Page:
The Marshall Center's first major program was the development of Saturn rockets to carry heavy payloads into and beyond Earth orbit. From this, the Apollo program for manned Moon flights was developed. Wernher von Braun initially pushed for a flight engineering concept that called for an Earth orbit rendezvous technique (the approach he had argued for building his space station), but in 1962, he converted to the lunar orbit rendezvous concept that was subsequently realized. During Apollo, he worked closely with former Peenemünde teammate, Kurt H. Debus, the first director of the Kennedy Space Center. His dream to help mankind set foot on the Moon became a reality on July 16, 1969, when a Marshall-developed Saturn V rocket launched the crew of Apollo 11 on its historic eight-day mission. Over the course of the program, Saturn V rockets enabled six teams of astronauts to reach the surface of the Moon.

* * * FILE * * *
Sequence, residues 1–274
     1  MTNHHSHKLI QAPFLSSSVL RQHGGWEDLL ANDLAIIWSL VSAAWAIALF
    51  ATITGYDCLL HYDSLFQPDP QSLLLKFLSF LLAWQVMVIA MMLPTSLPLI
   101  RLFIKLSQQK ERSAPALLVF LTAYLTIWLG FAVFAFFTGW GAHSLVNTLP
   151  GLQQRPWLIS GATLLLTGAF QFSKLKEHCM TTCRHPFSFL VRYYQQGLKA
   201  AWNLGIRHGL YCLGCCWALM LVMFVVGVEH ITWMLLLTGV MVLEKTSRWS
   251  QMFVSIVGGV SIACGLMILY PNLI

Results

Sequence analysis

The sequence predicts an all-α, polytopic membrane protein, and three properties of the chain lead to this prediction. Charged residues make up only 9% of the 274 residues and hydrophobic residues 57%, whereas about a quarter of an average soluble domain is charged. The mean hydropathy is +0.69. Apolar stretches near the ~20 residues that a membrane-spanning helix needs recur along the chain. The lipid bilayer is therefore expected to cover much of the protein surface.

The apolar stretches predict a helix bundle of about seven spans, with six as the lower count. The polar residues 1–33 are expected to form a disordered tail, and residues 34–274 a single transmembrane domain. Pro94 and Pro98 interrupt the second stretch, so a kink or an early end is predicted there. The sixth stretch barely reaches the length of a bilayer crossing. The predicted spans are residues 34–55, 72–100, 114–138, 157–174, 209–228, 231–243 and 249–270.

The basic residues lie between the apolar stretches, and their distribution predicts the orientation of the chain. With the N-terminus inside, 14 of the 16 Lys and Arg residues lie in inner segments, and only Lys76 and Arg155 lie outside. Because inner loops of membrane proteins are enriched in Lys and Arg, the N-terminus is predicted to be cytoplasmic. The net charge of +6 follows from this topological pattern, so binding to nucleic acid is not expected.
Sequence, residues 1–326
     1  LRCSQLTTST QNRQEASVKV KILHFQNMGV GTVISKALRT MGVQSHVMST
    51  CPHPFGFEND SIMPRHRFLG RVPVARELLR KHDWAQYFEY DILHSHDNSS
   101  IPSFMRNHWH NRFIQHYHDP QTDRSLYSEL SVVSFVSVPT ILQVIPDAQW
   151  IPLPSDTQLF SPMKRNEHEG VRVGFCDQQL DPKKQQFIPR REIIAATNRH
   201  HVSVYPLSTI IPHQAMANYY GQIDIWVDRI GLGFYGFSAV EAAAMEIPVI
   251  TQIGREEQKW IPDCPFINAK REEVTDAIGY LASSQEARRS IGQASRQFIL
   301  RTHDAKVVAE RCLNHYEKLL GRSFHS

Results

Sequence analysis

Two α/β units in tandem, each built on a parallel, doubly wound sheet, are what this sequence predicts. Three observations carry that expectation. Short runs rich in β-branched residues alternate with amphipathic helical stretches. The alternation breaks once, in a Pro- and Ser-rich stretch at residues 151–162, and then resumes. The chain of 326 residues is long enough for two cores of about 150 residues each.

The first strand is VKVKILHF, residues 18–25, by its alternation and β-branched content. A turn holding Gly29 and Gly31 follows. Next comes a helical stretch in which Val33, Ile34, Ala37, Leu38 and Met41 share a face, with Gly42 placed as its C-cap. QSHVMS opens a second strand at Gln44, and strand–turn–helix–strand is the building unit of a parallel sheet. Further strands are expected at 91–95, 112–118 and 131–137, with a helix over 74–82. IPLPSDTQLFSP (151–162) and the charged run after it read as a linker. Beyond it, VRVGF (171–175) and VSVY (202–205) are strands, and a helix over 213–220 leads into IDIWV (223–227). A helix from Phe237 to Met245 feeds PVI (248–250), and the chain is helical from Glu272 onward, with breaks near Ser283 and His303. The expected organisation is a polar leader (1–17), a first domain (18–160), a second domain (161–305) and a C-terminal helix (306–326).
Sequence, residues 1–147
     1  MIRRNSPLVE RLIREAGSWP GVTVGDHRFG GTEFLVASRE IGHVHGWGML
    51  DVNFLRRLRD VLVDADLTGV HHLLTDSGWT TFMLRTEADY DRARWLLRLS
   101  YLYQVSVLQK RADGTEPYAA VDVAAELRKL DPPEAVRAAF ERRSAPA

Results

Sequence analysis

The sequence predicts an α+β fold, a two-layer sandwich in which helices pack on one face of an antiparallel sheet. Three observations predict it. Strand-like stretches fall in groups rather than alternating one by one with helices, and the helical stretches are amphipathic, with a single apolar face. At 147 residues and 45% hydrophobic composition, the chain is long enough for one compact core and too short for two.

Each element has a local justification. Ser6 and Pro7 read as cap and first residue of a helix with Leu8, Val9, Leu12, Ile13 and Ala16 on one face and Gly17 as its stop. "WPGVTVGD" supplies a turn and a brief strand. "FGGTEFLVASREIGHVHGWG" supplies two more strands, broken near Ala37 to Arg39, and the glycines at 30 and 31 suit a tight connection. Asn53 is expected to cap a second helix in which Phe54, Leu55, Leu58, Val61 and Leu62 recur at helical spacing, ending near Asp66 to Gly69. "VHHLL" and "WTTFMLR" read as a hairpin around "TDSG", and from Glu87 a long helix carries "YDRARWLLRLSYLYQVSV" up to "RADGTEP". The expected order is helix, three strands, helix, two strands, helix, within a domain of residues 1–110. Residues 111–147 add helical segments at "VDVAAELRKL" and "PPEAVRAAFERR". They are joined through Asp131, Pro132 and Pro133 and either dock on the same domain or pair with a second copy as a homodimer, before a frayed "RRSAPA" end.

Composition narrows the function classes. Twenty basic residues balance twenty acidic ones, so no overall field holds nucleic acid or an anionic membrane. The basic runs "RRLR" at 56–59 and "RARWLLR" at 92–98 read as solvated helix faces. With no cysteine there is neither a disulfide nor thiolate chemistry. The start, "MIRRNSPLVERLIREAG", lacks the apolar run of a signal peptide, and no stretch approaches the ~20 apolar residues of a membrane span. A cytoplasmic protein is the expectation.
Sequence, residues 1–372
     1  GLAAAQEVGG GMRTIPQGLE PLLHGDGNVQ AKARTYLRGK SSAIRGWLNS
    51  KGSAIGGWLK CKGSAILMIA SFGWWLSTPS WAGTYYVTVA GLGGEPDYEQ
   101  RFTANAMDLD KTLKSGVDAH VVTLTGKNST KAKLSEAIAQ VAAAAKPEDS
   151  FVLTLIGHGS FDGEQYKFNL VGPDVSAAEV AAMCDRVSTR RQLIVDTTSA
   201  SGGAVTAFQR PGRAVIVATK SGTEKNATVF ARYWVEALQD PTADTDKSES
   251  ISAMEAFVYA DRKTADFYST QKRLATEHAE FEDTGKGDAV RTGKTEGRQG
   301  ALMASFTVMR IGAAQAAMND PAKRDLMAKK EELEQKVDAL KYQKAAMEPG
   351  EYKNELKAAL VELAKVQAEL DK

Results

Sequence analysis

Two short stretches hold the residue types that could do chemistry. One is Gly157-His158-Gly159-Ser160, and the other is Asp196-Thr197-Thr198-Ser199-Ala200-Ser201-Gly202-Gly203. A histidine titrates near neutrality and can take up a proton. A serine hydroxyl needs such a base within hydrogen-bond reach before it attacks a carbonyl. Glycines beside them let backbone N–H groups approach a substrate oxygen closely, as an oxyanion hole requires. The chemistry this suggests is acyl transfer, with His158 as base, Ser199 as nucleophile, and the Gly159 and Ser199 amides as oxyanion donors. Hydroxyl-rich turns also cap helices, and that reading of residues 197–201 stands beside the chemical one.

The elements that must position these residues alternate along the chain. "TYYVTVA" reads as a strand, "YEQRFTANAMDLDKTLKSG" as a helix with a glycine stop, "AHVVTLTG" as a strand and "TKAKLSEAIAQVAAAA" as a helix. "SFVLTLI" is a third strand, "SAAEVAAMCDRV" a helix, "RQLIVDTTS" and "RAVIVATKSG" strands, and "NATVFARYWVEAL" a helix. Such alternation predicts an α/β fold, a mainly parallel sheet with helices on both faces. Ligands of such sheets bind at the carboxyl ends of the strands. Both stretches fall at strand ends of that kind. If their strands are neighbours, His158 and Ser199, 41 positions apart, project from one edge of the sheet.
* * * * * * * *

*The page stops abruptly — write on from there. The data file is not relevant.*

During the late 1960s, von Braun was instrumental in the development of the U.S. Space and Rocket Center in Huntsville. The desk from which he guided America's entry in the space race remains on display there. He also was instrumental in the launching of the experimental Applications Technology Satellite. He traveled to India and hoped that the program would be helpful for bringing a massive educational television project to help the poorest people in that country.